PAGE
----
Watch the full video here:

Then leave a comment below with one insight you learned from this video.

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32 Comments

 
  1. Brian

    I partially credit this video for helping me land an internship back in 2012. I took a page of notes on this interview, which is still in my drawer to this day. Even if not for becoming aware of considerations like the “I, I, I” syndrome and the briefcase technique (even just the idea of being super prepared), just watching their body language and tonality is worth the interview.

  2. like all creatives who’s trying to break into the industry. I find myself struggled a lot. I followed you for a few months now, Ramit. Thanks to your excellent teaching from the 3 day Creative Live workshop, I learn the asking without selling and implicated it in the negotiation. The results is phenomenal! I am now able to find out my clients hopes, fears and dreams, add value and over deliver. I truly appreciate that! I also used the pay certainty to evaluable my prospects, so that I can disqualify and qualify.

    People only seeking to change behaviour when they are desperate, I am very desperate. I will be out of business if I can’t generate revenue fast enough. The most urgent problem I am facing right now is to find a most efficient way to networking to my target customers. (the art directors at advertising agencies, business magazines like Forbes, Canadian Business Mag). Wondering would your Dream Job course be my great fit?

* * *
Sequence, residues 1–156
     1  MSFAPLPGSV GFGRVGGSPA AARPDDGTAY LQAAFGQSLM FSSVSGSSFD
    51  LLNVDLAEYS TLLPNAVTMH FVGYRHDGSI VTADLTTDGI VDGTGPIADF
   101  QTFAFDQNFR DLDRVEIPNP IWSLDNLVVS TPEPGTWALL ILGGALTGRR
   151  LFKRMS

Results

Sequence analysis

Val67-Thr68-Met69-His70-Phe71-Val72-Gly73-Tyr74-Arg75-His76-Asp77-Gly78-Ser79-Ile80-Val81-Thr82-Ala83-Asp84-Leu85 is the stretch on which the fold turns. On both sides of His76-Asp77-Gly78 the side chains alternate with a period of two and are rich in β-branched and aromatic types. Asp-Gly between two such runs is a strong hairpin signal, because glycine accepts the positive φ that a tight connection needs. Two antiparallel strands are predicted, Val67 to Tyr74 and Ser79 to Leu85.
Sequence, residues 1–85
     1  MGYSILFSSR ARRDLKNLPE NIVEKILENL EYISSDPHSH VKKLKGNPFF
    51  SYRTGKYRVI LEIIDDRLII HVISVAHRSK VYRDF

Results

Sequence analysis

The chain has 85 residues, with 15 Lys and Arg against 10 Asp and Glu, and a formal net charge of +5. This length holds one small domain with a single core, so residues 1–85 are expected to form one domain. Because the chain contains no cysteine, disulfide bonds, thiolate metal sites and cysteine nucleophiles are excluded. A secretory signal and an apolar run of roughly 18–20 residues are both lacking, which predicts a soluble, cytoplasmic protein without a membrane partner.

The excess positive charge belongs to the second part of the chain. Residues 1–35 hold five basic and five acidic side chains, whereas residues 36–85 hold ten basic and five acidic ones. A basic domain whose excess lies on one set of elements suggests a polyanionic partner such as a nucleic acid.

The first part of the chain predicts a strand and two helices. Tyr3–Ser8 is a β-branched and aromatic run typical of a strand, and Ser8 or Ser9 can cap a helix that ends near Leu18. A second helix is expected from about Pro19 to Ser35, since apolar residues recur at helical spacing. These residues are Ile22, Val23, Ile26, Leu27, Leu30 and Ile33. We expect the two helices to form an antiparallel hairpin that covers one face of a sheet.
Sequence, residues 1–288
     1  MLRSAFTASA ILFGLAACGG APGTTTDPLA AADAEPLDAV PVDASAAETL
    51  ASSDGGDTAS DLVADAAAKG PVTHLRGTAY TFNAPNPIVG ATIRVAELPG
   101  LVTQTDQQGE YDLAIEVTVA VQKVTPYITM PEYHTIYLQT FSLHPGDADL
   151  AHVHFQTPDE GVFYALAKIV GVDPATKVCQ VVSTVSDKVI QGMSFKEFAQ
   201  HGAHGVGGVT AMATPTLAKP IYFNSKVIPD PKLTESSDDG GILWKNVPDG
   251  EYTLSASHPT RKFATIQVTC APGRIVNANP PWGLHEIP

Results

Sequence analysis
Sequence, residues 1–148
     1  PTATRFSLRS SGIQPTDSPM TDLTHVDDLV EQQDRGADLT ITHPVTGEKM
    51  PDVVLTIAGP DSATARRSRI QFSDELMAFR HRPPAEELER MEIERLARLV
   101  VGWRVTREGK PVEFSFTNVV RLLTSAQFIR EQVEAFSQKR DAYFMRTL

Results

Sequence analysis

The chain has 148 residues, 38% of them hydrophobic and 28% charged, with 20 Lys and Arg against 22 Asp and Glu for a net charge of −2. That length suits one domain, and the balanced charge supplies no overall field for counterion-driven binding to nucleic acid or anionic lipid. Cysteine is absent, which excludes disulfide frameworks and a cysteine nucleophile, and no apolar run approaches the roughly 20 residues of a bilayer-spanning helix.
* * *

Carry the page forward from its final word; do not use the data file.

Sincerely,

    Ziqi

  3. David

    Ramit,

    When this video first came out, i must’ve watched it over 20 times and shared it with everyone I knew.

    Looking back, this was THE catalyst that landed me where I am at today. I bought your book, got my ish together, EXECUTED on your techniques and am making it happen.

    One thing I’m still working toward is the concept of specialization. So often creatives have a variety of skills in design. It’s definitely something. I still struggle with specializing but have made headway on becoming different.

    Thanks for he life changing advice that college sucks at showing everyone.

    David

  4. Atto Yanney

    Very educative and interesting show. The subjects treated are the ones they don’t teach in school. What I have learnt today will help me tremendously on my next project. Great show and keep them coming.

    Atto

  5. Ron Peace

    I found doing proper prep work before actually negotiating with a prospective client/employer to be the most insightful point for me. I’ve always assumed the client would learn I was able to fulfill their needs simply through the interview process. Approaching a meeting with a prepared sample and/or plan is brilliant, and quite unique!
    cheers